Louyre: This Our Still Life
A deliciously eccentric, yet touching portrait of director Andrew Kotting's daughter Eden as a young woman in their tumbledown Pyrennean farmhouse. Last seen in Gallivant (1996) as a plucky kid touring the coastline of Britain with her Big Granny, Eden, now 23, is here shown painting still lifes and singing along to the radio as the seasons ebb and flow around her. Reminiscent of Stan Brakhage's Dog Star Man, this lo-fi marvel features music by Scanner's Robin Rimbaud and a range of voices from Kotting's sound archive to explore notions of nostalgia, memory and place.
A deliciously eccentric, yet touching portrait of director Andrew Kotting's daughter Eden as a young woman in their tumbledown Pyrennean farmhouse. Last seen in Gallivant (1996) as a plucky kid touring the coastline of Britain with her Big Granny, Eden, now 23, is here shown painting still lifes and singing along to the radio as the seasons ebb and flow around her. Reminiscent of Stan Brakhage's Dog Star Man, this lo-fi marvel features music by Scanner's Robin Rimbaud and a range of voices from Kotting's sound archive to explore notions of nostalgia, memory and place. . You can read more in Google, Youtube, Wiki
Louyre: This Our Still Life torrent reviews
(ca) wrote: The talents and beauty of several beautiful women are wasted with a horror story. a bad script, bad movie
(nl) wrote: Not bad.. Shitty ending
(au) wrote: the guy from "community" had some funny lines
(jp) wrote: The action sequences were directed with a music video-like grace, or lack there of, and the direction walks the same line. The bright spot of this all-in-all forgettable blockbuster is the over-the-top, scenery chewing villain that we get from the lovely Eva Green. It may be forgettable, but she certainly isn't.
(fr) wrote: A funny old school love story
(nl) wrote: My Favorite Comedy Film Is 1933's Duck Soup.
(nl) wrote: It's got Greg Evigan in from My Two Dads as the baddy, and a terrible CGI three headed dog.
(gb) wrote: A solid, accurate portrayal of a terrifying moment in history, made all the more terrifying that very few people nowadays know about it. The "problem" is that the script adds little spice to proceedings, making this little more than a historical re-enactment, like something from a documentary. A rare case where a bit of poetic licence would not have been a bad thing.
(jp) wrote: -I feel very connected to this movie... me encanta
(mx) wrote: Based on the subject and the director's nationality, I assumed that this film would be some kind of restatement or exploration of Rousseau's "noble savage" theory, and though there is some of this discussion in one or two lines, the film doesn't spend much time juxtaposing modernity and the "wild" child's original habitat. Based on all the critics' reviews, this film is an exploration or discussion of child development, but there is very little original presented here. So, I'm left struggling to figure out what this film is about and why people like it so much. I found the story to be merely a French, poor man's Miracle Worker, and I found the acting, especially by Truffaut, to be stilted and staid. Even Truffaut's direction lacks vigor. Almost every scene is a motionless three-quarter shot, backed by a heavy-handed harpsichord.Overall, I neither found this intellectually nor emotionally compelling. Like Truffaut's acting, it was just there, saying nothing interesting or interestingly.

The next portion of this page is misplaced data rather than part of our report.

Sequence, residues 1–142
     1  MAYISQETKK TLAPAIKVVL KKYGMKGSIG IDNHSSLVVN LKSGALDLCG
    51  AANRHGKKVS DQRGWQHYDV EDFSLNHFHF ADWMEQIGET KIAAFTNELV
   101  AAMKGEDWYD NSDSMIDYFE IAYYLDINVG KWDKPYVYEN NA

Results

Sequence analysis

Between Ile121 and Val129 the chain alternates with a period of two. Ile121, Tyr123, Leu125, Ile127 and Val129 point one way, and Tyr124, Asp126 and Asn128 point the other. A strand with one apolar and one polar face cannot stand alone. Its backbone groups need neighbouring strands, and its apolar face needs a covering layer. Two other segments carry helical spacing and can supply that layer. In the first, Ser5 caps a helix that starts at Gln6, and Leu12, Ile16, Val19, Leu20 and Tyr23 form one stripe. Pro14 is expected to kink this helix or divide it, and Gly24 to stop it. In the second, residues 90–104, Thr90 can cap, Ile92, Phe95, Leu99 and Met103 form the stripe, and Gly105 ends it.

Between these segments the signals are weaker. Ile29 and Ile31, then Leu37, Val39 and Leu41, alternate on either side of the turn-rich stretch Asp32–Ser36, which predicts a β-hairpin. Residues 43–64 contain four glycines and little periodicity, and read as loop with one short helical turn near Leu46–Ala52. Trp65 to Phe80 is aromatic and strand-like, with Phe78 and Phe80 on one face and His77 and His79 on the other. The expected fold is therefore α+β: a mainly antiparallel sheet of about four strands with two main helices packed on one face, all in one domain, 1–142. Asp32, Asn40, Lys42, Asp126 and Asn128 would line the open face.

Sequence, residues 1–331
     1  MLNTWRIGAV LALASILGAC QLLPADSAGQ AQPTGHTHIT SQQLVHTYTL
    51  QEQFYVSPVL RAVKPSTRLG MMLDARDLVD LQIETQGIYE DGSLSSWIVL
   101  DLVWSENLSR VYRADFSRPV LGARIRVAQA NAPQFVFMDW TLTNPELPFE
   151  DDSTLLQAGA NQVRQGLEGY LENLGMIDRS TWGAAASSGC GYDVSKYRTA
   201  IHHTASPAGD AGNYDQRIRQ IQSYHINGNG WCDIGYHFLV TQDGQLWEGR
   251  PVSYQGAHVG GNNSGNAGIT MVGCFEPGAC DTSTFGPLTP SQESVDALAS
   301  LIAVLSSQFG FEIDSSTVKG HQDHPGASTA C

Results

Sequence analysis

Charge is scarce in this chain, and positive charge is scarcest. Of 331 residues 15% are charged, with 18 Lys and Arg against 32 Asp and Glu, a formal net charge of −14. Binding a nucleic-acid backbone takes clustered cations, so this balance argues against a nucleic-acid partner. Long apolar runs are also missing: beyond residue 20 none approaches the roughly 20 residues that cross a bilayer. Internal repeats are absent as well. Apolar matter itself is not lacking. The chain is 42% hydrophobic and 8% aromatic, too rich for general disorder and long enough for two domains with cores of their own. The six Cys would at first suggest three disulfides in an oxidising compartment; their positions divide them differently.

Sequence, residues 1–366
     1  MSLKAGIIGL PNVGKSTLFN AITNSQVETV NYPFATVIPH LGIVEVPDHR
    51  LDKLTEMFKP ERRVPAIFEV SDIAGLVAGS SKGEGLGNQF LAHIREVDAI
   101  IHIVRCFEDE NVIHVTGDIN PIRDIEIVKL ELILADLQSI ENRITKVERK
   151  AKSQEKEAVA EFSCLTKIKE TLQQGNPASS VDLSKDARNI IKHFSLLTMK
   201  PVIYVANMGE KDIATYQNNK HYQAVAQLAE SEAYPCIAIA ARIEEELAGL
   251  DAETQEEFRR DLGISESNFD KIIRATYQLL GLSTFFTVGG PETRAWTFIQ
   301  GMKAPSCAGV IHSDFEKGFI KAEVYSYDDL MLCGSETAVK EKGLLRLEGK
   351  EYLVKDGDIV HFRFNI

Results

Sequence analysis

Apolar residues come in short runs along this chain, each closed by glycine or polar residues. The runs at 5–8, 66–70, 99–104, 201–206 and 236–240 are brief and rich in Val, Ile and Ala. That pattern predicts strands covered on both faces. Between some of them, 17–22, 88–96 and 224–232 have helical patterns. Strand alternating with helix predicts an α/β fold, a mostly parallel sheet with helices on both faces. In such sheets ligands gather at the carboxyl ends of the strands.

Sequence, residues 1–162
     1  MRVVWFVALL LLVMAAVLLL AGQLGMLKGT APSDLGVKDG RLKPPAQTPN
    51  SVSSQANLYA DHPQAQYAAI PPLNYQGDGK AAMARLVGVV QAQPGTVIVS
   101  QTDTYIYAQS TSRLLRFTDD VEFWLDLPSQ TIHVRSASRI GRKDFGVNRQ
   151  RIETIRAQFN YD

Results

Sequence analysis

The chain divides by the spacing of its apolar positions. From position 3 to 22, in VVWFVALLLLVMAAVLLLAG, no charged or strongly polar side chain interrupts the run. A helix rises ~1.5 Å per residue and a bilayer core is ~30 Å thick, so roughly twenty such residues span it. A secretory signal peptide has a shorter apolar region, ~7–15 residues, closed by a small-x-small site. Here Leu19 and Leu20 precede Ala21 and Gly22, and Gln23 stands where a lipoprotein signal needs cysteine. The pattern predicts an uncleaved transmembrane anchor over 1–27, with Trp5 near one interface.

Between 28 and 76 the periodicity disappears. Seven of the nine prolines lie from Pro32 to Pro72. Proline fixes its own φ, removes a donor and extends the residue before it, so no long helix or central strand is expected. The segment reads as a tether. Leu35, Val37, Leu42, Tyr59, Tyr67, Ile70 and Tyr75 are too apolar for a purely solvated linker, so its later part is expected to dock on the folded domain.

(jp) wrote: Quite simply, this is a good old-fashioned crime caper with an ensemble cast that works very well together. I had great fun watching this.
(it) wrote: Pretty standard musical from the period. Not a big fan of Garland, so there was less her for me than there might be for others. Nothing special, but nothing horrible either. Garland??s weight fluctuates more than just about any other star out there. Crazy lady.
(ca) wrote: Loved it as a kid. Was always fun to watch.
(es) wrote: Garfield is a clever choice, but not able to surpass Tobey Maguire's original role. This reboot is splendid, but is revisiting some plot points in the original. It follows the same direction of the comics making this a strong installment in the new franchise, just not as good.
(jp) wrote: In my opinion the movie, Twilight directed by Catherine Hardwicke was an amazing movie. It was my first time watching the movie was released in 2008, and I can say my eyes were glued to mt TV the whole time. The movie captured many themes such good vs evil, sacrifice, and self-control. I believe that the movie could teach young teenagers a few things. Such as when the movie displayed the theme of self-control, this can teach young teens that it is easy to carried away with bad habits/bad company, but you got to control yourself so that you can become successful. The movie also displayed sacrifice, which can teach young teens that it's okay to miss a party to finish an assignment that is due the next day, because at the end of the day that assignment may be worth many marks and if you get a zero, you can fail the class. To conclude , I'd like to recommend this movie to anyone who enjoys watching love stories, drama, or fantasy movies.
(au) wrote: Probably my second favorite outing of Rathbone and Bruce complete with spooky lighting, strange people who act guilty and unusual clues leading to a satisfying solution.